Inflammation is simply the body’s response to the stress mechanism. While we don’t like it, it’s a fact of life and while working with two very different health conditions recently, venous insufficiency and chilblains, I discovered something very significant … venous endothelial growth factor which is a sub-group of platelet derived growth factor which happens to be involved with both. As it is, these growth factors are important mechanisms in the germination and growth of the human being. At the same time, in the presence of chronic stress and inflammation, these factors are triggered and also linked to other conditions like cancer, addiction, respiratory issues and obesity. Why? Because when exposed to stressful chemicals, the body makes the necessary physiological adjustments in order to protect the organism …. in fact, there is something known as ‘transactivation’ which means there is ‘cross talk’ between various cell receptors .. which makes sense given the fact that nature is always communicating. What’s more, our own chemistry is interacting with external chemicals and creating additional changes within the body. What’s fascinating to me is that dopamine happens to be one of the chemicals involved with the ‘cross talk’. Without question, this explains addiction on so many levels and is also an argument for deliberately doing what we can to minimize our stress … why? Because above every other chemical known for its ability to alter the dopaminergic mesolimbic pathway .. cortisol is the #1 chemical linked to changes in that area of the brain... which means, our drugs and behaviors of choice are more along the lines of repeaters and pacifiers rather than being the root problems ...

In a nutshell, we’re all living with addiction with the definition of addiction being a change to the dopaminergic mesolimbic pathway. Knowing that cortisol is as influential on this structure as caffeine, nicotine, alcohol, etc, it’s fair to say these changes occur long before the introduction of any dug or substance because, as we know, cortisol is the ‘fight or flight’ stress hormone which is produced for the sake of survival. This prompts the release of dopamine which has a number of uses throughout the body including the production of platelet derived growth factor which happens to be an inflammatory response that increases the permeability of the brain. Why is this important? Because it initiates cell growth and division as well as blood vessel formation and as I mentioned, venous endothelial growth factor is a sub-group that have similar purposes. Now I realize there are a plethora of processes going on in the body in any given second; however, it seems these growth factors (which are hormones) are being activated at an alarming rate due to our chronic need to self-soothe in response to the overactive stress mechanism. And when we factor in the high levels of oxidative stress being produced due to the condition of our external environment, it’s no wonder our legacy is poor health ….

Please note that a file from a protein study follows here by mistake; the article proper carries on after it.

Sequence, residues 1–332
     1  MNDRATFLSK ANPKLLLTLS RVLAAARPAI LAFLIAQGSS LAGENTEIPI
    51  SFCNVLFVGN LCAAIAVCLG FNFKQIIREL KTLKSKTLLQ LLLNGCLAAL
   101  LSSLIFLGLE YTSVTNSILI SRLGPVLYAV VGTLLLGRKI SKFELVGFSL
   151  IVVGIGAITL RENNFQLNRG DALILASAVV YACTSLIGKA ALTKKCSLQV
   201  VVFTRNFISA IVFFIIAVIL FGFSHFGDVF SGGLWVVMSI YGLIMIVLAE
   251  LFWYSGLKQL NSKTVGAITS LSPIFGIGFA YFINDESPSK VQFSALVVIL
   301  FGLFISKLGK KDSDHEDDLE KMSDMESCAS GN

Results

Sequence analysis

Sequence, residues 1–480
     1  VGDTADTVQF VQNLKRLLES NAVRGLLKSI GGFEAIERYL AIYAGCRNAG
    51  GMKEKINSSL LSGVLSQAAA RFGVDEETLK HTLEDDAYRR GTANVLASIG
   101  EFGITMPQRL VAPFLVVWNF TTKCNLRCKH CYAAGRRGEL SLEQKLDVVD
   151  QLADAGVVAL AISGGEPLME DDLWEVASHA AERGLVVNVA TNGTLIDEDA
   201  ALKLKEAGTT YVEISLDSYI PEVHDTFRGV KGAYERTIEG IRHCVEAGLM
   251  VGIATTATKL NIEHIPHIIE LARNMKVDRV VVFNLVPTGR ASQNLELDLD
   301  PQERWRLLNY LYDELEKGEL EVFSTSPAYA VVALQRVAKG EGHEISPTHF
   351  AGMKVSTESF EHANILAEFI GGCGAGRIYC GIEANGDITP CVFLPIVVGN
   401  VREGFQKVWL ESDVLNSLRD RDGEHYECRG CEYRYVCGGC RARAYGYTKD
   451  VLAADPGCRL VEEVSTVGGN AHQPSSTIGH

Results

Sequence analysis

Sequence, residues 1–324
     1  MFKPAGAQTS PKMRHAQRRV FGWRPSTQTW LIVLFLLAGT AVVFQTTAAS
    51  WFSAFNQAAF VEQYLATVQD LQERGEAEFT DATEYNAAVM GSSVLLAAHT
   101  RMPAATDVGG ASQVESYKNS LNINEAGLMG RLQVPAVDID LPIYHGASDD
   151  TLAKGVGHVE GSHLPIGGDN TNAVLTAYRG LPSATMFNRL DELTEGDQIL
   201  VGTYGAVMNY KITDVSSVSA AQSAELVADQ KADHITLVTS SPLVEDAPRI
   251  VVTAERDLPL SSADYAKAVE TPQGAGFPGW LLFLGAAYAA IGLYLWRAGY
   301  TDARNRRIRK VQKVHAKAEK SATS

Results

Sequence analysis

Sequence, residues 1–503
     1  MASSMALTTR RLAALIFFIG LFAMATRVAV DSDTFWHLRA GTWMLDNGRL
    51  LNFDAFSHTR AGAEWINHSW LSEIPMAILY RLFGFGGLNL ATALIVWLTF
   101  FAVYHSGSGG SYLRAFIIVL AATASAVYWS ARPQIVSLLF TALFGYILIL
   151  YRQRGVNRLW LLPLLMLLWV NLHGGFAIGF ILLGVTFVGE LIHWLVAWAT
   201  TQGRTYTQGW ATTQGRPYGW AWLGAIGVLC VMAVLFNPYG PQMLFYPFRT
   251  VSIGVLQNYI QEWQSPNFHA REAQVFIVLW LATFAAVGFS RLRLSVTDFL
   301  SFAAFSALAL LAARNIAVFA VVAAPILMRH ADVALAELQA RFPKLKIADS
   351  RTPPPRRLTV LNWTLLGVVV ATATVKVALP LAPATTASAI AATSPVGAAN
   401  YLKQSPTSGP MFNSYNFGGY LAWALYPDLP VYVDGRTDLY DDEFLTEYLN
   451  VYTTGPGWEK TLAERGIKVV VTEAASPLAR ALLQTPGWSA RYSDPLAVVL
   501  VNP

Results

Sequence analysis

So what are we to do?

It’s not hopeless; so, without sounding too cliché ….. do things that get you out of your head and bring a smile to your heart and soul. Tell yourself …. ‘I am ok’ like you would reassure a child. Take the time to talk to yourself gently using words that feel good. For as odd as this sounds, it works. My only suggestion is to use words that are meaningful to you. I’ve done this a number of times and there are some words that hit me like a wet sock … like the word abundance. That word does nothing for me; so, my encouragement is to spend time seeking words that truly soothe your soul. What’s more, this activity isn’t excessive in nature and absolutely generates a sense of inner peace. Due to my experience with addiciton and seeing how it’s really affecting all of us, I am cautious about suggesting behaviors that could become habitual which leads me to say, do different things .. change it up and don’t allow yourself to get hung up on anything specific … avoid developing repetitive habits.

And finally, using essential oils. They are, in fact, signaling molecules just like dopamine, estrogen, serotonin, nitric oxide, etc. which means they influence systemic and cellular communication. This is why knowing which of these chemicals (because essential oils are chemicals) affect our neurochemistry is essential. At the same time, not all of them do. As a matter of fact, being deliberately vague and not giving specific suggestion gets me into ‘hot water’ with a lot of people because everyone wants information they can use today. I respect that; however, it’s harmful. Take phytoestrogens, for instance. The are good for us (in an ideal situation); yet, this world is filled with chemicals that cause alterations to our hormonal system a.k.a. stress. Therefore, avoid duplicating the mechanism of action (a topic of discussion in my upcoming course) and being mindful with our selections improves our chances of stabilization.

Oils are awesome and can absolutely help alleviate the impact of chronic stress and inflammation. It just takes understanding them as well as your body in order to choose the ones that are best suited for you. This is something I’ve been doing for years with myself and others and apparently how it’s being practiced in France as well (a tidbit of info I just learned the other day). Why? Because the way your body is interpreting the pressures of life is unique to you; not to mention, your lifestyle which could potentially include medications. That said, the inclusion of oils helps to improve the body’s ability to ebb and flow